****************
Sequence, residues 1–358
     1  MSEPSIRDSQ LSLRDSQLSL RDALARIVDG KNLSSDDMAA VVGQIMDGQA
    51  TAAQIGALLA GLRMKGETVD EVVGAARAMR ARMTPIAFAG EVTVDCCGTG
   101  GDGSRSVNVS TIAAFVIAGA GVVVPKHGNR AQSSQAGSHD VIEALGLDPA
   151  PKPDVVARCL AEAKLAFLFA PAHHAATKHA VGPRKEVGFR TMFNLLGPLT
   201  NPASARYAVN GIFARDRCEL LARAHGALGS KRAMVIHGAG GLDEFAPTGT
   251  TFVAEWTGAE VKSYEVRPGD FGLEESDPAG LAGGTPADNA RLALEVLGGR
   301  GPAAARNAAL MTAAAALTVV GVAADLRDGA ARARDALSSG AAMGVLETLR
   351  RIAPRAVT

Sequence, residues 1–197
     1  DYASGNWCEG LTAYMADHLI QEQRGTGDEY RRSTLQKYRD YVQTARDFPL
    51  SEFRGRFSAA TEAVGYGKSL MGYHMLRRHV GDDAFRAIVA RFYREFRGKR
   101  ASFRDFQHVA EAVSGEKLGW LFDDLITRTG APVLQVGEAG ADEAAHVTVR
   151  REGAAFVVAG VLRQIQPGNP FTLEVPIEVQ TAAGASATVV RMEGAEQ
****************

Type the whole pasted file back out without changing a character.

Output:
Sequence, residues 1–358
     1  MSEPSIRDSQ LSLRDSQLSL RDALARIVDG KNLSSDDMAA VVGQIMDGQA
    51  TAAQIGALLA GLRMKGETVD EVVGAARAMR ARMTPIAFAG EVTVDCCGTG
   101  GDGSRSVNVS TIAAFVIAGA GVVVPKHGNR AQSSQAGSHD VIEALGLDPA
   151  PKPDVVARCL AEAKLAFLFA PAHHAATKHA VGPRKEVGFR TMFNLLGPLT
   201  NPASARYAVN GIFARDRCEL LARAHGALGS KRAMVIHGAG GLDEFAPTGT
   251  TFVAEWTGAE VKSYEVRPGD FGLEESDPAG LAGGTPADNA RLALEVLGGR
   301  GPAAARNAAL MTAAAALTVV GVAADLRDGA ARARDALSSG AAMGVLETLR
   351  RIAPRAVT

Sequence, residues 1–197
     1  DYASGNWCEG LTAYMADHLI QEQRGTGDEY RRSTLQKYRD YVQTARDFPL
    51  SEFRGRFSAA TEAVGYGKSL MGYHMLRRHV GDDAFRAIVA RFYREFRGKR
   101  ASFRDFQHVA EAVSGEKLGW LFDDLITRTG APVLQVGEAG ADEAAHVTVR
   151  REGAAFVVAG VLRQIQPGNP FTLEVPIEVQ TAAGASATVV RMEGAEQ